Remove all weeds as needed. Water the plants weekly so that the peat is moist but not saturated. Add nitrogen at a rate of ⅓–1 lb (or 20–50 lbs of manure) per 100 sq feet each year. No pesticides should be necessary.

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Roses prefer full sun (at least 4–6 hrs per day) and a pH of 6.0–7.0. Space them 4–6' apart, in most well-drained soils with a good amount of organic matter. With poor drainage, add gravel at the bottom of the planting hole, or build in drainage. Pick a site with good air flow, but avoid sites with cold northwest winds. Avoid competition with tree roots.

Plant roses as early as soil can be worked. Most roses’ roots don’t spread beyond the original hole, so dig a bushel-sized hole, as deep as 2' or more. We recommend a bale of rotten hay in the bottom of the planting hole. Mix soil with liberal quantities of well-rotted manure and compost. Add a coffee-can full of rock phosphate or bone meal.

Soak roots in water overnight or up to three days before planting. Prior to planting, prune roses back to 3 canes, 2–5" tall. Plant them 1" below the level they were in the nursery. Add water as you fill in the hole to puddle it in. Mound soil around branches to prevent them from drying out, and to encourage buds to sprout. As the buds open, pull back the soil to the correct level. Keep roses well mulched to retain moisture and reduce weeds.


Plant them in a well-drained location in moderately rich soil. Sandy gravelly loam is perfect. They prefer at least 6 hours of sunlight each day. Plant them with a shovelful of wood ash or lime, then add another shovelful of either one every three years. A yearly mulch of manure or compost will encourage spectacular annual blooming. Pink, lavender and blue lilacs color up best in soil with a neutral pH.

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Planting Instructions for Bare-Root Perennial Plants

For the first growing season, let new perennials focus on root growth. Once established, usually in the second year, they are vigorous and floriferous.

  • When you receive your order, open the bags and check the stock immediately. Roots and crowns should be firm and pliable, not soft or brittle. If they are slightly dry, add a little water or, if they are going to be potted up soon, wet the roots. Generally, a little surface mold is harmless and will not affect the plant’s future performance. If you cannot pot them up immediately, store them in a cool (35–40°) location for a short time.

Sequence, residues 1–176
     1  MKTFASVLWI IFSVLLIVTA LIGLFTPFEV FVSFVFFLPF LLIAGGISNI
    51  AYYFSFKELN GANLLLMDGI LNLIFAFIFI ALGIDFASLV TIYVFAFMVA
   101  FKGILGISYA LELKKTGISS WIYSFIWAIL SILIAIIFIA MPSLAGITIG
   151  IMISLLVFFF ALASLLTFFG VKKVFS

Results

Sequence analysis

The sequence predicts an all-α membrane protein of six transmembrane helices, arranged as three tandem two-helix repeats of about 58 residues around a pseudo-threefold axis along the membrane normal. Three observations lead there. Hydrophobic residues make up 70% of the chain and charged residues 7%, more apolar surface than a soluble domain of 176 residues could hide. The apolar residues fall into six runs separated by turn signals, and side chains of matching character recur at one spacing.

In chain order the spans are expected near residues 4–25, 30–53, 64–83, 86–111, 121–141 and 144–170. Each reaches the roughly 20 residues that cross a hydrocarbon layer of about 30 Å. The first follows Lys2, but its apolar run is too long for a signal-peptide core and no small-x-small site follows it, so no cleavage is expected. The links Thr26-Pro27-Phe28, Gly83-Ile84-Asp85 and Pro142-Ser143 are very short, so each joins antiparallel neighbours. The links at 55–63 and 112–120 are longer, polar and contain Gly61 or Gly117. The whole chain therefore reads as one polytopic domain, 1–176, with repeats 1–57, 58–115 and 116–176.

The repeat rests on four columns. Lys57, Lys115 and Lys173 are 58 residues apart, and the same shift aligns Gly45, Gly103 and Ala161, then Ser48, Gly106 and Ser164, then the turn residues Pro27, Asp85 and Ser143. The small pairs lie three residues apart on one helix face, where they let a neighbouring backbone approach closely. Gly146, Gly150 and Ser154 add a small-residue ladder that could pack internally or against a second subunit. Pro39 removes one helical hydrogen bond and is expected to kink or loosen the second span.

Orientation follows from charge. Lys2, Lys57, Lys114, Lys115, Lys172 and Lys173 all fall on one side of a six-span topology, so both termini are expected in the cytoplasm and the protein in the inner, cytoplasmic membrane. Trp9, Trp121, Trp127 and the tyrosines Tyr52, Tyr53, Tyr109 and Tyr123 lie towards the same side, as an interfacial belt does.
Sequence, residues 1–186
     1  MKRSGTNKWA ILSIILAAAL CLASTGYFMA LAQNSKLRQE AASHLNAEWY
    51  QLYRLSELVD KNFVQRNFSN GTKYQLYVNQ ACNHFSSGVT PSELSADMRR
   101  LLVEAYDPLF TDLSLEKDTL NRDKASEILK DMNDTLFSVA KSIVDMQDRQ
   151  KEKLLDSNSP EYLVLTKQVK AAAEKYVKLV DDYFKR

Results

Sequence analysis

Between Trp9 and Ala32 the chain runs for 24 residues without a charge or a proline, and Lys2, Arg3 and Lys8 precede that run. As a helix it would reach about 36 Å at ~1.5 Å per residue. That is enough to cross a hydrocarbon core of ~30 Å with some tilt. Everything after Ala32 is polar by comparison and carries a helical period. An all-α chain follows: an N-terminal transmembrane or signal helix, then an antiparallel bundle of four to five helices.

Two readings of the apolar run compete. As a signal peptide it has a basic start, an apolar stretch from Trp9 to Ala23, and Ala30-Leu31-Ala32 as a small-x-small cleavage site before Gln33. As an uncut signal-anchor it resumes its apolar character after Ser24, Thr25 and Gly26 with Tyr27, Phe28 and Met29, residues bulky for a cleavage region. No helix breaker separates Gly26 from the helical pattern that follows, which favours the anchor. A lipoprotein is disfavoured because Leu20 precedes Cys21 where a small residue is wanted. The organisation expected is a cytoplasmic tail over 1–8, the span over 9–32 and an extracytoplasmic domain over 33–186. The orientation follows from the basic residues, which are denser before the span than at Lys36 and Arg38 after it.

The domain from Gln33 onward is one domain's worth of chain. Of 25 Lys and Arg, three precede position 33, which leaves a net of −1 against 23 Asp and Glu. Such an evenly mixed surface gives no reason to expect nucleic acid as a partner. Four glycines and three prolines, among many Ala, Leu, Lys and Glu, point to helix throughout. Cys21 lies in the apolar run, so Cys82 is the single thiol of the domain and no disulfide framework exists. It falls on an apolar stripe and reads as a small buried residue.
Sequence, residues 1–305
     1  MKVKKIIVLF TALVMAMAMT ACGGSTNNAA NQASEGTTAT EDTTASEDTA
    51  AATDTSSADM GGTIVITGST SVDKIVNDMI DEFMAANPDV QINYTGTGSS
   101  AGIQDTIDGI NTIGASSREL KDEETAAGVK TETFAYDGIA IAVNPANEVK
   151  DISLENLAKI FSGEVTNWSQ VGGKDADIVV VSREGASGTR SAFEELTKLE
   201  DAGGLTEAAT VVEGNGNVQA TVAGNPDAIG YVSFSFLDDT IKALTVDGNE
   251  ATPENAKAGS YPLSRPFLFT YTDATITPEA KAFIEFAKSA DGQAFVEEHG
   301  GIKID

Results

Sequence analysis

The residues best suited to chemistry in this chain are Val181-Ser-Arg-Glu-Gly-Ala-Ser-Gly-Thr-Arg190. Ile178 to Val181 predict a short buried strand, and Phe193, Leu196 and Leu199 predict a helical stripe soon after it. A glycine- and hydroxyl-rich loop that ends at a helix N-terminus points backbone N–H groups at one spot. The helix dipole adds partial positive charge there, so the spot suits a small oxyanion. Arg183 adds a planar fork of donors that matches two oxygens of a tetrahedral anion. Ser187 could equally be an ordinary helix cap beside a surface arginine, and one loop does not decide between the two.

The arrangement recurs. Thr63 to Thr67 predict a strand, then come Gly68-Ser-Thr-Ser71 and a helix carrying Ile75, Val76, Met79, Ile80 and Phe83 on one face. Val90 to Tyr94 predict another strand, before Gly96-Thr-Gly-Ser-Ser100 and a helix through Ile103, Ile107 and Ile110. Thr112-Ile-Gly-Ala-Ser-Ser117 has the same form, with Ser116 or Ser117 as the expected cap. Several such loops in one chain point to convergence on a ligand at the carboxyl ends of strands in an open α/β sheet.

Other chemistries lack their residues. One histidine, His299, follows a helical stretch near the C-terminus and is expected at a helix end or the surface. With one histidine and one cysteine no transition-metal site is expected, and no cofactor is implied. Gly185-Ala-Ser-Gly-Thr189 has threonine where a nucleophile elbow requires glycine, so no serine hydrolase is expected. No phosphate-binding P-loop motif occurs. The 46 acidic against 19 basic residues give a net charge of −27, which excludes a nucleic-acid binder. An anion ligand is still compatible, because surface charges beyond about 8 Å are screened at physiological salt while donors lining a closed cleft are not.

• Pot up the rootstock in well-drained potting mix. Most plants need a deep 6" pot or a 1-gallon container. Avoid coiling the roots in the bottom of under-sized containers.
  • Grow newly potted perennials for a few weeks in a protected location in indirect light at 50–60°. Wet and/or cold conditions for an extended period may cause rotting of the root crowns.
  • Transplant outside once they show some top growth and the danger of frost has passed. Dig a hole about twice the size of the pot, loosening the surrounding soil and adding compost or fertilizers as necessary. Generally, plant the top of the crown just below ground level, less than an inch from the surface of the soil.

All perennials appreciate a fall mulch and a sidedressing of compost or leaf mold in the spring.

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Fall Site Preparation for Fruit Trees

If you’re preparing locations for your trees in the fall, or feeding newly planted fruit trees, the following amendment recipe should address most sites in the eastern U.S., which tend to be acidic and moderate to low in calcium and phosphorus. You can apply this mix as a mulch to your newly planted tree in the spring. Or check our Tree Planting Mixes.

Simple Method

Simply pile 1–2 wheelbarrow loads of compost on each planting-hole site. If you live by the ocean, add a couple of wheelbarrows of seaweed. Then cover with mulch. In the spring, pull back the mulch and plant your fruit tree, incorporating the compost into the hole as you dig.

Deluxe Method

Without digging the hole, cover an area 4–6' in diameter with:

For building high levels of humus, also add:

Cover with a 3–4" mulch of lawn clippings, leaves or “brush” chips, which will smother the sod, conserve moisture, prevent leaching and provide a habitat for soil organisms to break down the recipe. In the spring, pull back the mulch and dig your tree hole, incorporating the mineral supplements and compost into the backfill.

Feeding older fruit trees

Cover the surface of the ground out to the drip line with the same materials listed above. For larger trees (five years and older) increase the mineral amount to 10–15 lbs each. For ancient trees you can use up to 25 lbs of each mineral in a ring beneath the drip line. Mulch as described above.